McB Logo White

Call Us

(213) 600-6077


2022 Oct 22Constitutional Litigation, Vaccine Mandate Litigation

Approximately one year ago, LA County Free Foundation organized and filed a lawsuit against Los Angeles County. Our express goal was to prevent enforcement of the County’s vaccination mandate against our members. Measured by that goal, and with help of others, our efforts are being successful.

To date, not one of our members has lost his or her job for not being vaccinated—nor do I see that happening.  To be sure, threats have been aplenty. But the plain fact is that all our unvaccinated members are still employed, which has been the ultimate goal of the litigation and related efforts.


There are various contributing reasons for why all our members have remained employed, and unvaccinated, in spite of the vaccination mandate. Its always hard to see how things work behind the scenes, or to know how contributing factors inter-relate. But here’s my best effort to do that:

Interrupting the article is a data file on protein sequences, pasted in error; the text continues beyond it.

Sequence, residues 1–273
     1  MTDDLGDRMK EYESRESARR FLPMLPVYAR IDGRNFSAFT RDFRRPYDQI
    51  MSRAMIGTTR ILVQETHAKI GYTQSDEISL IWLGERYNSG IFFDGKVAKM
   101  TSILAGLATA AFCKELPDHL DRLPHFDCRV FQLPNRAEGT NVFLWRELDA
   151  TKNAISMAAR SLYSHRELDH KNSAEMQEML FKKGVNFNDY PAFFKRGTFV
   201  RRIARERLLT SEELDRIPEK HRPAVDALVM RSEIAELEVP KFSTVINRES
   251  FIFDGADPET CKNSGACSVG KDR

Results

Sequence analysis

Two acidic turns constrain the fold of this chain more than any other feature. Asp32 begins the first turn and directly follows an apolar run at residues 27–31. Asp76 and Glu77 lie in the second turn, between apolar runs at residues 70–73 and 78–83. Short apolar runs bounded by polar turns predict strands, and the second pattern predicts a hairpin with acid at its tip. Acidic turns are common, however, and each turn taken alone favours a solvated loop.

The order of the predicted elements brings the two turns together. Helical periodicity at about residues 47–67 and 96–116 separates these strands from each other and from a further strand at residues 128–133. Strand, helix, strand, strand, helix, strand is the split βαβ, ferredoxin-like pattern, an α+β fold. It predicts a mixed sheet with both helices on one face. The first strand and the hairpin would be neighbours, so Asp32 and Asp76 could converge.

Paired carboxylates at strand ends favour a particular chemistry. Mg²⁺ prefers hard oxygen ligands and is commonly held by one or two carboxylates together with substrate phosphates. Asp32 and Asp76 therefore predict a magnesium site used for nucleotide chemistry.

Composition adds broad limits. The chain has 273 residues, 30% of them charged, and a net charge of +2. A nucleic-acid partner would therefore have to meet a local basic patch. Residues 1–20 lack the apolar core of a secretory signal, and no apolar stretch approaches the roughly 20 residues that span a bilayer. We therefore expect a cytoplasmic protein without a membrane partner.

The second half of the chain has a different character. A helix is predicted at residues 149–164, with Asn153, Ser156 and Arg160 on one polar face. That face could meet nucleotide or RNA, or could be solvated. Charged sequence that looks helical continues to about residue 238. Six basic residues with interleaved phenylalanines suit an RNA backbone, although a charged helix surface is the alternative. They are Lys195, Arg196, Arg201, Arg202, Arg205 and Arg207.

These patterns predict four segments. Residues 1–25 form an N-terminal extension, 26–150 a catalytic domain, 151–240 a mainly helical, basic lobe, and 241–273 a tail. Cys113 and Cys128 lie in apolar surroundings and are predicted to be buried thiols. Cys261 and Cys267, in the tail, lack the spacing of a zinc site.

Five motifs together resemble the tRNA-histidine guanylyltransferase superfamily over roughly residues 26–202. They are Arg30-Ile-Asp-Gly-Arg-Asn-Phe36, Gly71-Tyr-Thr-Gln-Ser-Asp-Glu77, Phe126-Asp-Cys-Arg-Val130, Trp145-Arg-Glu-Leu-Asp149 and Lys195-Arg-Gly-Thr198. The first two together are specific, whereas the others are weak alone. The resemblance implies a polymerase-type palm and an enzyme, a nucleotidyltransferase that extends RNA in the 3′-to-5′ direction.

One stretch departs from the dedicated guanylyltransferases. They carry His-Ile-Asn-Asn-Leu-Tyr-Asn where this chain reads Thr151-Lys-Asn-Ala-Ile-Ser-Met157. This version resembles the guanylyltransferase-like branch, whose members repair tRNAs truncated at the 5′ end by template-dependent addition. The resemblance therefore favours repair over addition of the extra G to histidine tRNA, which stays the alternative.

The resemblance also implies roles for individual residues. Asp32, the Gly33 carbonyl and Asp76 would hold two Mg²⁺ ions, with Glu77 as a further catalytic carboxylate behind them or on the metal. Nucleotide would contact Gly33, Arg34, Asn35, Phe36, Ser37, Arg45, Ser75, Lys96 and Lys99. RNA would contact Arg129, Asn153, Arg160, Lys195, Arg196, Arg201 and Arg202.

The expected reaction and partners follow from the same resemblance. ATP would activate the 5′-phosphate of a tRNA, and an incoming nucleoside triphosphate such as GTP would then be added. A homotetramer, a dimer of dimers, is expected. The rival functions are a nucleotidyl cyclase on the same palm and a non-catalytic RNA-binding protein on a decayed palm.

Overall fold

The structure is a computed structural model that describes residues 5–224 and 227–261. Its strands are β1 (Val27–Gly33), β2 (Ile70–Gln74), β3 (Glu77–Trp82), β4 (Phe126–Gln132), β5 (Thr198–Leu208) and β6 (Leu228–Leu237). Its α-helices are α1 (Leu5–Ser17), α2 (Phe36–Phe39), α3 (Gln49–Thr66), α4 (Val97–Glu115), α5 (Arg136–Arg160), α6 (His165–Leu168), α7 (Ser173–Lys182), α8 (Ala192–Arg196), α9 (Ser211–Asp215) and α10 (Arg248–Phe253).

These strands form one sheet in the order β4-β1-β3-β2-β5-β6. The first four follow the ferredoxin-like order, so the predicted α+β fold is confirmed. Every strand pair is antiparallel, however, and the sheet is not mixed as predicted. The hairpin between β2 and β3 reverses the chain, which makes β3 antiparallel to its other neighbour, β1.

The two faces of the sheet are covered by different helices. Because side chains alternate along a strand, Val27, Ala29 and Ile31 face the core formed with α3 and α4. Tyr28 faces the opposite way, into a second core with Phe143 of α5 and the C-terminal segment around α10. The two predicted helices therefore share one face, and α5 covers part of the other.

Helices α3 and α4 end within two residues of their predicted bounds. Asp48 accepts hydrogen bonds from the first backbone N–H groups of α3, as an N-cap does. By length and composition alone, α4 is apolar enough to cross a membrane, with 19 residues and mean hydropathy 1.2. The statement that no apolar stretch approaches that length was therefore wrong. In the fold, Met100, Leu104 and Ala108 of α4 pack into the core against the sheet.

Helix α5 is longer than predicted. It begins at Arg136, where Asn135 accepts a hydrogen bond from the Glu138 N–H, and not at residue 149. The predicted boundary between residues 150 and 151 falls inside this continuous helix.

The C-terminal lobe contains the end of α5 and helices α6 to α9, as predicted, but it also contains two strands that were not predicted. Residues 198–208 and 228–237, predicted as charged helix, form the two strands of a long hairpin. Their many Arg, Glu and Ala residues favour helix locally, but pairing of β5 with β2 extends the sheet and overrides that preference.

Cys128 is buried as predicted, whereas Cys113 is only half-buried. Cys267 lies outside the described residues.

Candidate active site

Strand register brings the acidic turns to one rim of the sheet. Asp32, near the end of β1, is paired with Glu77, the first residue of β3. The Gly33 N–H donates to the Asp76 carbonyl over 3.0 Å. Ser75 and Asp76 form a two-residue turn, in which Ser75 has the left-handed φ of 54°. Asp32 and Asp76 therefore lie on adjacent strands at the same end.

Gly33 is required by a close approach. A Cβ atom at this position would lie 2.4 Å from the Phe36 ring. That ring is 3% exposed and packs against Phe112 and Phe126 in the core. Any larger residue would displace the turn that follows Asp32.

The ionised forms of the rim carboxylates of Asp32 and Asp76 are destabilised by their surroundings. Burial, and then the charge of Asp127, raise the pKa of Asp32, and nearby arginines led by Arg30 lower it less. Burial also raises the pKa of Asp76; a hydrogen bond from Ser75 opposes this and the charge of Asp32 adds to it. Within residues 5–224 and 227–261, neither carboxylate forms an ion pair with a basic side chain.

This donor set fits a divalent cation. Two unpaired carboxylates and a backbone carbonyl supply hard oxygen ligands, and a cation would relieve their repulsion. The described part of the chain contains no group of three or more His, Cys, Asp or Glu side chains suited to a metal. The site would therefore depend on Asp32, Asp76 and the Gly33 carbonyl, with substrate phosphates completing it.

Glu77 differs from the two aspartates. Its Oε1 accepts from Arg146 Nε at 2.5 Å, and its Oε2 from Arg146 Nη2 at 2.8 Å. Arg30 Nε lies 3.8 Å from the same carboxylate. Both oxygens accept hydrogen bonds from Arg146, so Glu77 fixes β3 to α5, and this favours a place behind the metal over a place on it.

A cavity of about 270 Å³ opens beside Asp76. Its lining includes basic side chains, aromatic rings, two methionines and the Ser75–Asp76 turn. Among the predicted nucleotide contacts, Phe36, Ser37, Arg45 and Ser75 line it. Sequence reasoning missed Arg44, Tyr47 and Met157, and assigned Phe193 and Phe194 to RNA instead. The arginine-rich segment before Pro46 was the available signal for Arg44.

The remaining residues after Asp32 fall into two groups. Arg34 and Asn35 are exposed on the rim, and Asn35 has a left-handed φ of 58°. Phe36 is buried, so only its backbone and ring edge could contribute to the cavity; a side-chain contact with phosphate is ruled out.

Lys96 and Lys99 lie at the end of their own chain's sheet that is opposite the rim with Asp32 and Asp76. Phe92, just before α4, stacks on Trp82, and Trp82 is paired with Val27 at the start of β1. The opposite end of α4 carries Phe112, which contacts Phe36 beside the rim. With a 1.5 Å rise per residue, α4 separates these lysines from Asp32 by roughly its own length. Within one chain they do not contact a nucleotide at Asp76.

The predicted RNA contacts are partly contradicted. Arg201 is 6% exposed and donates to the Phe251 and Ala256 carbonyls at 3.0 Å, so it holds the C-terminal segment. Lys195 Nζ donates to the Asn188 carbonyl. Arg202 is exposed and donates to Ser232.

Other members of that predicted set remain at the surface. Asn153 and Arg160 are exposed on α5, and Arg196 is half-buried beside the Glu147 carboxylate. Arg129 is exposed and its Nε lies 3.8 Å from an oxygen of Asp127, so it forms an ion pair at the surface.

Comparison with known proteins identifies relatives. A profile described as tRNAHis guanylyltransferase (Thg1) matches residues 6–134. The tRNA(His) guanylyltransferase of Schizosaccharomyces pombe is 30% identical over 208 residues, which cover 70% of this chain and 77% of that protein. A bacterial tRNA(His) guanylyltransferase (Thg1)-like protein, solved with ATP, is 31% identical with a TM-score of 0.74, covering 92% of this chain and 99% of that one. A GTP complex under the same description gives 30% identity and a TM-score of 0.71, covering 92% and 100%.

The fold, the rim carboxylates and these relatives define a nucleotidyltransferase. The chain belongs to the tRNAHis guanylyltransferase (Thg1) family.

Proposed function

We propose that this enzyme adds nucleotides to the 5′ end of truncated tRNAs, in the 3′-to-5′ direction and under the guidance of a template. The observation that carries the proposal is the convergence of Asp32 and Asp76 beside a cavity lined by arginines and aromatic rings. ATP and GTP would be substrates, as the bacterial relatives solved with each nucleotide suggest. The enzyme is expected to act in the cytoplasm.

1. The Covid threat has largely subsided, posing a much-diminished public health threat. The biggest success of our litigation, so far, has been to buy time against the vaccination mandate, to keep the vaccination mandate at bay while the public health threat subsided. That has worked.
  1. Our litigation has focused on the fact that Covid vaccines have been ineffective as against the Omicron strain of Covid. We pushed this point intensively earlier this year. While we were probably the first group to point out this problem with Omicron, generally accepted science has now caught up to that fact. Even with vaccine manufacturers creating vaccines to target Omicron strains, vaccines remain ineffective against Omicron, and scientific opinions now widely accept this fact. Therefore, public support for a vaccination mandate has dwindled. This has definitely worked in our favor.
  1. Everyone in LA County that wanted to be vaccinated has had many, many opportunities to do so. At some point, if a person doesn’t want to be vaccinated, a vaccination mandate against firefighters would seem to serve no purpose.  The County understands this reality.